Berlin Monument to the Murdered Jews of Europe
I’ve been exploring presenting my photographs through short videos with narration and text. J’explore la présentation de mes photograhies à travers des vidéos courtes avec narration et textes
Sometimes there are two versions :French and English. Parfois, il y deux versions: Française et Anglaise.
There is something pleasantly not grand or picturesque about some parts of Amble that make it infinitely more attractive to me than more picture perfect places along the coast. Once again, my approach isn’t to make flattering or unflattering photos : I’m more interested in an honest rendering of what struck me…It’s also about keeping things simple as opposed to catchy: everything doesn’t have to be spectacular.
A simple forest photograph in black and white
Black and white landscape photography. Digital capture. Original inkjet print on A2. June 16 2016
Right now, I want something different than some of the obviously eye pleasing stuff that I’ve produced my fair share of. I don’t want to just frame the “pretty” bit of a view any more . I don’t want to over process like I did in my recent coast set any more either nor do I crave for a generous “correct” range of tones . I want something more messy and wonderful like life is messy and wonderful. I knew I was heading that way with another set called Northumberland UK . Three simple landscapes. Trois Paysages simples. I’m pushing it further here.
This is the set of photos where I strongly felt for the first time compelled to edit them in colour . Weymouth is an “extraordinary” place for me: not only because unlike some of my other urban photos ( this beach isn’t exactly “wild” is it ? ) it is easily recognisable, but also because it is a tourist and leisure site and far removed from where I live. Chances are , I’ll never return there.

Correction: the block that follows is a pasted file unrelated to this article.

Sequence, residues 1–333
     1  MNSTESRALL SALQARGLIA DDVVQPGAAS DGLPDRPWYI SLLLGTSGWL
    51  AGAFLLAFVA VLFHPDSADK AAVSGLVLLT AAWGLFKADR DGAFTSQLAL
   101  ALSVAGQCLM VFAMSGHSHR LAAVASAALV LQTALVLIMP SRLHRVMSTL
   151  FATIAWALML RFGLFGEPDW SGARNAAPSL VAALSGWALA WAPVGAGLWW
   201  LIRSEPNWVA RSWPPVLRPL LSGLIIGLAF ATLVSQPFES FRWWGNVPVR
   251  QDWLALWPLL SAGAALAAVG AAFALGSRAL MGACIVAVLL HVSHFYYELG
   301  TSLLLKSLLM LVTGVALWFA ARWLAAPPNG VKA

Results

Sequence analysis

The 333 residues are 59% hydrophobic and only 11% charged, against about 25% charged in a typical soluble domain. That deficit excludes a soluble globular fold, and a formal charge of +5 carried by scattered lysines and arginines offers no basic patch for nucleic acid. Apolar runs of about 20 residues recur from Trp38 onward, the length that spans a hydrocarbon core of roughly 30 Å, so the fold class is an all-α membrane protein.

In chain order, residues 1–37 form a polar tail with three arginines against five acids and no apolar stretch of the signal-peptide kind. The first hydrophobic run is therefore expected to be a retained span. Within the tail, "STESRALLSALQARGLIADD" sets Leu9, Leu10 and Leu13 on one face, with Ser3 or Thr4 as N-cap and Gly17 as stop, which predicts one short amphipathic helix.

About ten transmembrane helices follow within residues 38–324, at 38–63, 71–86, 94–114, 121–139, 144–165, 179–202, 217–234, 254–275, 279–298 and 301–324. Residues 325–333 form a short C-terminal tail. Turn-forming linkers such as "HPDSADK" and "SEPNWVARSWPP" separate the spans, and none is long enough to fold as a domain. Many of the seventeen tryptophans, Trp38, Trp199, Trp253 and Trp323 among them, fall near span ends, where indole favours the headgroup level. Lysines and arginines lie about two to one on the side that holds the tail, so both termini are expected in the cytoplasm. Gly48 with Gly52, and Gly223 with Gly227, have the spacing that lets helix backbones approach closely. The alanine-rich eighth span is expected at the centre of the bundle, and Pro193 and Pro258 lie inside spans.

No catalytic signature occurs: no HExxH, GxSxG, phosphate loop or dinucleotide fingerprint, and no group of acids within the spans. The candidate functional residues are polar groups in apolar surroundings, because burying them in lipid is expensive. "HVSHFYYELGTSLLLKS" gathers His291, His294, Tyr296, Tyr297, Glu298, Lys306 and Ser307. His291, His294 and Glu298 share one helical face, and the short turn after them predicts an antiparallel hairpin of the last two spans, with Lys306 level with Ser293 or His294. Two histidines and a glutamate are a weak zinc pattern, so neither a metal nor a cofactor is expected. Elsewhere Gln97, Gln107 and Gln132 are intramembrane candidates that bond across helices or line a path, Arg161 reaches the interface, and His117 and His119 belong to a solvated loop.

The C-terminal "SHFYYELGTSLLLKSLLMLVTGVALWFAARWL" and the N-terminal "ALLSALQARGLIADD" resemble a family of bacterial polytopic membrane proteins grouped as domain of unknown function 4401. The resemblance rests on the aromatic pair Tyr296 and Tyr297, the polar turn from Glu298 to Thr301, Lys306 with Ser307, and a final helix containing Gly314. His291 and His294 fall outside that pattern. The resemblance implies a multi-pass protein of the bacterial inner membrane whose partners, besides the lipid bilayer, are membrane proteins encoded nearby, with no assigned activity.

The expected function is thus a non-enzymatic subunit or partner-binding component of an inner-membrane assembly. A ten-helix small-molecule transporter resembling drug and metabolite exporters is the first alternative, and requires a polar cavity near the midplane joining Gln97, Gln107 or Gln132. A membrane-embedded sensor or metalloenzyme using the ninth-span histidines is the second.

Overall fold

Introducing colour ? Up till now I’ve only shared black and white photos on this site but I’m taking an interest in colour . Until the digital era, I only rarely took colour photographs but now that I use digital capture all my photographs start out as colour even if I end up converting most of them to black and white. Colour is incredibly flexible in digital and these photos constitute my first “playing around” with colour. And since I’ve started this personal work ,I find myself looking more and more intensely at the colours around me, not so much in the pursuit of some accuracy but as a comparison point to what appeals to me on screen and in print. I never use to fuss so much when I was only focused on producing black and white photographs.
What’s an ordinary place for me ? They’re simply ordinary because most often I don’t go out of my way to go there: I either have work to do there (work of the best sorts:work with people) or I drive through or around them. They are familiar urbanscapes. Nevertheless I kind of like these places,very different to my small tranquil village but not so different to the neighbourhoods of Paris where I used to live. Fair enough some are a bit or even very on the run down side and living there might not be that easy but I often feel that I could find contentment there and be happy. They touch me.
My approach borders on the architectural side: there is no story telling as such with the possible exception of the two diptychs bellow made from three photographs: look carefully and you’ll see some people going about their business and spring turn to summer.
Colour photographic diptych of an ordinary urban landscape ( urbanscape) in the Uk
Most photographers naturally tend to create series of photos and then tend to present only the strongest single image of a series. This was my case until Bruno Chalifour photographer and photography historian and critic drew kindly my attention to the possibility/ idea of moving away from a single photo approach to any one subject , not in terms of mimicking the brief of a photo-journalist but simply as a different way of seeing/telling/sharing. I’ve been experimenting with this in creating diptychs of sorts by stacking two photos where an element of time passing is present. Here I stacked three photos (triptych), not so concerned by giving a sense of time but by giving to see at glance what was happening outdoors as well as in.
From a classic single image point of view, I particularly like the photograph below.